Saturday, 29 April 2017

The Weather Where You Are

Geoff got me an ex-library copy of Charlie Wesencraft's classic Practical Wargaming a few years ago.  It was one of those books we used to take out of Edinburgh Central Library on a regular basis (my copy is from the Lancashire County Library, first borrowed in March 1975, with the last date stamp being 27 Feb 2008.  Nobody needs to know that but I thought I'd record it anyway).
However, not just being a trip down memory lane the book does actually have some interesting ideas in it, not to mention some arresting expressions.  The one I always remember in the discussion about missile fire is that we are not supposed to be interested in whether a particular infantryman 'successfully stops an arrow with his chest', a phrase which I still find funny, if a little macabre.
Fun with hardboard and paint
Anyway, in the Preparation for Battle chapter, there is a discussion of the effects of weather on battles and instructions on how to make and use a weather 'barometer'.

The illustration from the book explains how it is used, which is basically to throw 2D6 at the start of the game to find a starting point between '2' at the top (fog) and '12' (storm) at the bottom and then move the red peg up or down (or not move it at all) depending on die throws each move.
Weather barometers and funk boards: the epitome of 1970s wargaming
As you can see I added an extra section at the top, which is not actually part of the barometer but where the string goes so I can hang it up.

So it will be interesting using this in our next game.  However, I would like to add that, based on a Scandinavian book I had as a child (I still have it), the word 'barometer' is inextricably linked with the word 'foreboding'...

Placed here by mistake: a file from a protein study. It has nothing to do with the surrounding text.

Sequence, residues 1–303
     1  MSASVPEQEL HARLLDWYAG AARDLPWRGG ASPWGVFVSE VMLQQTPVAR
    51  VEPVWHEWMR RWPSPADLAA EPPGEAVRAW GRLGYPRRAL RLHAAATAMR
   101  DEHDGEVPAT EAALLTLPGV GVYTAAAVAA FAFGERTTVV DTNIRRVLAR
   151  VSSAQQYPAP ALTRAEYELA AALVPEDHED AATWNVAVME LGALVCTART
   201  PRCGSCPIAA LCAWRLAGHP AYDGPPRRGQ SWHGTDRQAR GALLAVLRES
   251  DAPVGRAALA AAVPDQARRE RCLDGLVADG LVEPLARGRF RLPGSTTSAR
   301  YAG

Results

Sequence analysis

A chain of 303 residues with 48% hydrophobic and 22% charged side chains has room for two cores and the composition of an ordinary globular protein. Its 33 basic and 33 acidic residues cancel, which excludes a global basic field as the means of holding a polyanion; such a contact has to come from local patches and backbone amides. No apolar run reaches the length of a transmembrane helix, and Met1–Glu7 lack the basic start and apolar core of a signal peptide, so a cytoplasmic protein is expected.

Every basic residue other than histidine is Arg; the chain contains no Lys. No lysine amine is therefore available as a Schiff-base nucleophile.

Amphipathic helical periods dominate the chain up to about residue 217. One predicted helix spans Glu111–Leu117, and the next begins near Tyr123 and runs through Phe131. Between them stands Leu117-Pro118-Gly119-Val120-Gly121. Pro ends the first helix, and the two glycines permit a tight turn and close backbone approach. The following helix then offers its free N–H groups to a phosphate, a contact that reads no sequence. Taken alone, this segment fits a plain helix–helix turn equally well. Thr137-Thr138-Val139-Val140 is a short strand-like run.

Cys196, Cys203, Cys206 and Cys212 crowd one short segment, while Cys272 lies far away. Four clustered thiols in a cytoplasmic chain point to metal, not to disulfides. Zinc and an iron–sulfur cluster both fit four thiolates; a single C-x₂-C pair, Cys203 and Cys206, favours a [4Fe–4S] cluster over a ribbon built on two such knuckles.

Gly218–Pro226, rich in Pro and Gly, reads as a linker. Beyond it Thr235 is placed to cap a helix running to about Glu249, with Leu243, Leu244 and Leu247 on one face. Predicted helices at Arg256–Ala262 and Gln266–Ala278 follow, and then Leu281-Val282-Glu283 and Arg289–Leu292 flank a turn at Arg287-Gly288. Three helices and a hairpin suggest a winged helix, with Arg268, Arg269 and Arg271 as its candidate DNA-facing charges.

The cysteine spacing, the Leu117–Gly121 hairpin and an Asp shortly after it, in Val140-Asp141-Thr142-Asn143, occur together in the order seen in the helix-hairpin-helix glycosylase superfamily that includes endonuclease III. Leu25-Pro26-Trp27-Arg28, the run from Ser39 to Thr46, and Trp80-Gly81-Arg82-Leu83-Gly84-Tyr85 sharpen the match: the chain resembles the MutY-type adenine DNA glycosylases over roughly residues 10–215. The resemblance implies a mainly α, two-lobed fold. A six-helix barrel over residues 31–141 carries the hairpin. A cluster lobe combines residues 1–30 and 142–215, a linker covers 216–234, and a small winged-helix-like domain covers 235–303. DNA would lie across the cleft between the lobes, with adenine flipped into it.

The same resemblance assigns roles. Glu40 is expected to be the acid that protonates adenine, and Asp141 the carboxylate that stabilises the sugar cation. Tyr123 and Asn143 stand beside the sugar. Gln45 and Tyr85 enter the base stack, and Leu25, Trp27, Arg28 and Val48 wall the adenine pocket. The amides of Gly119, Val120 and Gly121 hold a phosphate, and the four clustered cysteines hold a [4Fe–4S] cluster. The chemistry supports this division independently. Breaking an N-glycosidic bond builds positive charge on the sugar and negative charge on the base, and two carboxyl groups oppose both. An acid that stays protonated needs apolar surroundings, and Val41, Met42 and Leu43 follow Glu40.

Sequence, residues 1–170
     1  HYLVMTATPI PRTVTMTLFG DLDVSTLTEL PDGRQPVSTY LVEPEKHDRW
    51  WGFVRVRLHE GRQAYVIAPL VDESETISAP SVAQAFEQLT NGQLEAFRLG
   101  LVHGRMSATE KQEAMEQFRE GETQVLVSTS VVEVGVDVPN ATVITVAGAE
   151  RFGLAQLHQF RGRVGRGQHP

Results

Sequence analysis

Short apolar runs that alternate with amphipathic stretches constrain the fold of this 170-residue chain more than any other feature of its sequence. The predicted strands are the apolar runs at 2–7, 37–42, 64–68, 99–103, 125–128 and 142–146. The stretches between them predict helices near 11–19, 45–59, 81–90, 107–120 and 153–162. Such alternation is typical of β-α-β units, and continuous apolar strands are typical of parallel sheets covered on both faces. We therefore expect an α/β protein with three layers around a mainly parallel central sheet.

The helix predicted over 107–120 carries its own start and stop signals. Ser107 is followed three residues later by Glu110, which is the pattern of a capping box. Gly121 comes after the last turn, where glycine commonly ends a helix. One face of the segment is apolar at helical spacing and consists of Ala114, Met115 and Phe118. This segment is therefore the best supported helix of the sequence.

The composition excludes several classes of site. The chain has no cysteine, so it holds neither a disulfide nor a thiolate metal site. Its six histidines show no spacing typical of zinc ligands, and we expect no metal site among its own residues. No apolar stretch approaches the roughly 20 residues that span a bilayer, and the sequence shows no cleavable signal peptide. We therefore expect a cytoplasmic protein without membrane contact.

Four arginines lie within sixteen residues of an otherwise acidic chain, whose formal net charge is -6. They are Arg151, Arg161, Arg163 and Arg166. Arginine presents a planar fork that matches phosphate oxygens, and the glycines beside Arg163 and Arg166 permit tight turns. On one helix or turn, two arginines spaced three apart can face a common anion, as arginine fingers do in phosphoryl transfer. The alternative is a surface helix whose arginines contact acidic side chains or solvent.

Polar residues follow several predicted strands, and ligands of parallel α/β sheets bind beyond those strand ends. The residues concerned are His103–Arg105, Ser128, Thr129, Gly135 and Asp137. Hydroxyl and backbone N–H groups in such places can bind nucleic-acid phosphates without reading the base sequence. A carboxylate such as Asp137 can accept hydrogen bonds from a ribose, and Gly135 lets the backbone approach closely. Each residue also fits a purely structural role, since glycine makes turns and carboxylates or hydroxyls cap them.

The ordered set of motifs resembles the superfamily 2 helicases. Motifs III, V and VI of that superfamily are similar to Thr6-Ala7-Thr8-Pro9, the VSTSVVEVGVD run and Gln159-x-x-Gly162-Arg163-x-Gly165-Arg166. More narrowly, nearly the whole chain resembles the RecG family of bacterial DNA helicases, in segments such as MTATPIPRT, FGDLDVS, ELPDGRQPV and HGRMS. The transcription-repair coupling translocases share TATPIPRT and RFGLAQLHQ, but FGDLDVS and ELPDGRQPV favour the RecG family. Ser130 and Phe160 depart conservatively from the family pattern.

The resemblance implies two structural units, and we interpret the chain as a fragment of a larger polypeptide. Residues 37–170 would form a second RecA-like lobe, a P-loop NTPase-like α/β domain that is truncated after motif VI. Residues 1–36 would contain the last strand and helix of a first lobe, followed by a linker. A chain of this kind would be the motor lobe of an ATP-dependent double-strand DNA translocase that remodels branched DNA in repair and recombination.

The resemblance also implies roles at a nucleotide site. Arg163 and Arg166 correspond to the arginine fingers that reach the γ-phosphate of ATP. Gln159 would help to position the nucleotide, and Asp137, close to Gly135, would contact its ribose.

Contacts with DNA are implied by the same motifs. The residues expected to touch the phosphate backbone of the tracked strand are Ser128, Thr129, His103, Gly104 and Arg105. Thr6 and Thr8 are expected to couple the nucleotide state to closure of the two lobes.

Monday, 17 April 2017

Another Barn Conversion

My previous post was about making a (15-20mm scale) covered structure to go over a bridge I'd constructed even earlier.   However, looking for a small project in between my various trips this year I decided to use the 'barn' for another purpose.
In this case I made a base for it so that the 'barn' could be used as a free-standing structure.  The base includes internal walls and doors at either end.  The objective was to make a ruined substructure that would be revealed when the barn was supposed to be damaged due to shell fire or arson (or inclement weather?) during a game, a suggestion taken from various old-time wargame books.
As you can see, removing the barn would therefore reveal the remains of the ruined barn beneath it, but with enough space and absence of clutter to place troops as necessary.
Construction used the usual mixture of matches, wooden stirring sticks and cardboard.  The sub-structure was designed so that the barn would be held securely in place until it had to be removed.

After putting it together, everything was undercoated in black and then heavily dry-brushed in dark earth, with sand highlights and various coats of thin black wash for shadows and emphasis.